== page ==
Friday, April 9, 2010
The World Saxophone Quartet Does Miles
It would be hard to love modern jazz if you didn't love hearing the saxophone. It dominates the music in a way that no other instrument does. That is not to say that it is the single most common instrument. That would probably be the bass or drums. But the sax in one form or another (usually, the tenor) gets star billing most of the time.
Glancing at my list of top ten jazz albums, only one of them (Bill Evans Sunday at the Village Vanguard) is saxless. Even (or especially) when the leader is a piano player, the sax is usually given a prominent role. I think if you threw a dart at a list of top jazz artists in the modern period, you would likely hit someone with that brass inverted question mark in his hands.
Of course part of that is that the horn is louder than damn near anything else. But it surely more than that. The sax just naturally communicates that jazz feeling more than any other instrument. I have been listening tonight to the World Saxophone Quartet's Selim Sivad: A Tribute to Miles Davis. The avant guard group was formed in 1977 by Julius Hemphill, David Murray, Hamiet Blueitt, and Oliver Lake. On the Davis tribute, John Purcell replaces Hemphill. If you want to go out with an overdose of sax, this is your medicine.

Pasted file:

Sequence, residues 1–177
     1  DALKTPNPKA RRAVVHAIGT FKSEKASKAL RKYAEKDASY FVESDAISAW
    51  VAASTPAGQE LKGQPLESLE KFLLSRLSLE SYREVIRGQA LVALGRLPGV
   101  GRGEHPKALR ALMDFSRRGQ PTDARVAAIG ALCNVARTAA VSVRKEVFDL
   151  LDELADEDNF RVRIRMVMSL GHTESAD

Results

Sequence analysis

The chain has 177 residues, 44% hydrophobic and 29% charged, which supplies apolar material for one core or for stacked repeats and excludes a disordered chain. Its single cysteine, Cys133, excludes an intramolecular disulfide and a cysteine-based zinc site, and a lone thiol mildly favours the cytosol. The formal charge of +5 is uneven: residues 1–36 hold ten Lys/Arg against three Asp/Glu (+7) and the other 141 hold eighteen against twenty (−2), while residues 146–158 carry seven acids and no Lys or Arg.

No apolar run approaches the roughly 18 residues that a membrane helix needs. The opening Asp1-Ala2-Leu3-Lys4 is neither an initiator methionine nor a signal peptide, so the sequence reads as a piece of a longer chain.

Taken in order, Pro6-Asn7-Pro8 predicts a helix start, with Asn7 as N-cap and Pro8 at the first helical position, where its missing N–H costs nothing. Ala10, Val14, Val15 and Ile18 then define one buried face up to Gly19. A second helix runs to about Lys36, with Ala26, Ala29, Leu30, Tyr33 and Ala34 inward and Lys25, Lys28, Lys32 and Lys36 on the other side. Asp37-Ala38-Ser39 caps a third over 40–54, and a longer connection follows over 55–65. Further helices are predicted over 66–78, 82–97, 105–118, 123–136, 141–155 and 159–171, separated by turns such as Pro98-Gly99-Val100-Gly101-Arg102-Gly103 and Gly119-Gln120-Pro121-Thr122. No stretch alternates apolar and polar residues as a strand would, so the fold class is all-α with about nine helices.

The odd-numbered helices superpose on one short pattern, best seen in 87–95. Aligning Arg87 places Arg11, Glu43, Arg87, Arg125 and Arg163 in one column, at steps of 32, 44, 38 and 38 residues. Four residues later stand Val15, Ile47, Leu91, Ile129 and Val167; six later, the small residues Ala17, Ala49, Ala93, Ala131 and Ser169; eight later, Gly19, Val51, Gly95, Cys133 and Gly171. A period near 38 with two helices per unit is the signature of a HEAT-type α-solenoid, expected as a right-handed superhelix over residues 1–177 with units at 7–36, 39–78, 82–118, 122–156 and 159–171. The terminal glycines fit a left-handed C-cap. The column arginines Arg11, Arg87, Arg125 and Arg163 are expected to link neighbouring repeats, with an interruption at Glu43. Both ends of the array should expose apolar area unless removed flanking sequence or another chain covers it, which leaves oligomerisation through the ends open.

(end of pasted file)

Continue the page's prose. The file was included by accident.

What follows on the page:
It is a very interesting kind of tribute. All of the tunes are presented as covers of Davis numbers, but the WSQ chose to honor Davis in the best way: not by imitation but by innovation. I am guessing Miles would have wanted it that way. There is a lot of African song here: percussive Bush music and bird tweets. If you have at least an occasional urge for avant garde world music, you like this one.
Here is a bit of comparison to give you an idea of the idea of the album. First, a brief slice from Kind of Blue. This is just the beginning of the number, to give you a point of reference.
Now here is the cover from the WSQ recording:
Viva la difference! This might be the most recognizable cover on the album. The range of music on this disc is amazing. It can be found at eMusic for a handful of credits. Give it a shot.
Here is a video clip of the WSQ in 2006.